Sovereign immunity means a fence for Bloomington post office

In 1914, a new building for Bloomington high school was constructed where Seminary Park now sits, between Walnut and College, on 2nd Street.

It’s the same year when Robert Frost’s poem “Mending Wall” was published, with its proverbial line from the storyteller’s adjacent landowner: “Good fences make good neighbors.”

In mid-May the US Postal Service started building an eight-foot-tall fence around its branch just south of the park.

With its fence construction, by the standards of the narrator’s neighbor in the “Mending Wall,” the USPS has made itself a “good neighbor” to the public park.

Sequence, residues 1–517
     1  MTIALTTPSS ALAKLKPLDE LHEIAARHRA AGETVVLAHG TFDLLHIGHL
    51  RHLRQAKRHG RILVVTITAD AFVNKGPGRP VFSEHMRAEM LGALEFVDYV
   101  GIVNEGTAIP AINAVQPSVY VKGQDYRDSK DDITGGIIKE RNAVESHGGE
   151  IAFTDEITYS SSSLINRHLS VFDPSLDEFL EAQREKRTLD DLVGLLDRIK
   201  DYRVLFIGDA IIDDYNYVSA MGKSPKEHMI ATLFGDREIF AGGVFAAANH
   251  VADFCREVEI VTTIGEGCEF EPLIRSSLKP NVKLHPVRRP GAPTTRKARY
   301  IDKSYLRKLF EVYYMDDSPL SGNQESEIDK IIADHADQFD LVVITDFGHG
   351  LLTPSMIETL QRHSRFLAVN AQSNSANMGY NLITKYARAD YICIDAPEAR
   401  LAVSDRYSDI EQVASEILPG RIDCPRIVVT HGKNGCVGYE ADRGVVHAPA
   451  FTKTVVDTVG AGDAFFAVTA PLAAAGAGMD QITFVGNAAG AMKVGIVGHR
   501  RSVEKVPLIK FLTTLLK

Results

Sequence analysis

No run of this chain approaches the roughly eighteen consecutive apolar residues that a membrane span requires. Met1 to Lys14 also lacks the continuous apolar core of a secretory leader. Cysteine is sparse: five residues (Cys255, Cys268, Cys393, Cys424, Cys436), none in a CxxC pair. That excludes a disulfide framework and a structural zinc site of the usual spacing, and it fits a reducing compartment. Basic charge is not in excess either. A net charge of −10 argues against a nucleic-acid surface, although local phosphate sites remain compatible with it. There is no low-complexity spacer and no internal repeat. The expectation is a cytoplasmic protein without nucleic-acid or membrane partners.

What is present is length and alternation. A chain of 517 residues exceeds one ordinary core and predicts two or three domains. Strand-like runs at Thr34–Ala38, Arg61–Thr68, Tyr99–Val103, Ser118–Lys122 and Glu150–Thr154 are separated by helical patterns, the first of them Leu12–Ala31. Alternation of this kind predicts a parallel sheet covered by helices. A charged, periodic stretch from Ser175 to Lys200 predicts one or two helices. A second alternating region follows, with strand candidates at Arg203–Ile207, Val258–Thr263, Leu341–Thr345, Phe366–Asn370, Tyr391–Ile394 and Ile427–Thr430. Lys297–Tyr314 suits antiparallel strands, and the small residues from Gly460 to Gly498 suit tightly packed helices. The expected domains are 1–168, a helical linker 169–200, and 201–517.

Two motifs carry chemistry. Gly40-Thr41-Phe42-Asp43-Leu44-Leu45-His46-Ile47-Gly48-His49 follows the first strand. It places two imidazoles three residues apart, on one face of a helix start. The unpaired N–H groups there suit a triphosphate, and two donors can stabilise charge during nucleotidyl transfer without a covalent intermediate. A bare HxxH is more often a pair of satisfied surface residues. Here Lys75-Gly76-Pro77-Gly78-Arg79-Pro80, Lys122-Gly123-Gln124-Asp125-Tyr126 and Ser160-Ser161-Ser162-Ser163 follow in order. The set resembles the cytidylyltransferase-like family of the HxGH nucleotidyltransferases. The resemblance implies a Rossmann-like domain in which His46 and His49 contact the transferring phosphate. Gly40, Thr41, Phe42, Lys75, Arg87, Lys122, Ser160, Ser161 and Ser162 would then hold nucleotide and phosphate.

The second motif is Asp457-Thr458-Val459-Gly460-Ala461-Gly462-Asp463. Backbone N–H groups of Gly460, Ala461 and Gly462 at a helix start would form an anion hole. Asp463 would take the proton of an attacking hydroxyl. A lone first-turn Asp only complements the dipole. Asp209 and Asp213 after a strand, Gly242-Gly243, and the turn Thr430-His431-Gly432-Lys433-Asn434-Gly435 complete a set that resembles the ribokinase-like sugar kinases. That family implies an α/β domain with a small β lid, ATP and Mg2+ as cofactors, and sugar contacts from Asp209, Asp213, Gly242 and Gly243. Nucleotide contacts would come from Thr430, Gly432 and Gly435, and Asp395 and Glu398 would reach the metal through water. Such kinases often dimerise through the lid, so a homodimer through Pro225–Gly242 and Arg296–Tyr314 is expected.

Some local reaction has been more along the lines of the storyteller in the poem: “Before I built a wall I’d ask to know / What I was walling in or walling out, / And to whom I was like to give offense. / Something there is that doesn’t love a wall, That wants it down.”

The image is from the Pictometry module of Monroe County’s online property lookup system.

It looks like the fence probably doesn’t conform with local zoning code. But the principle of “sovereign immunity” means the USPS, even as a lessee of the property, can build the fence the way it wants, according to Bloomington’s legal department.

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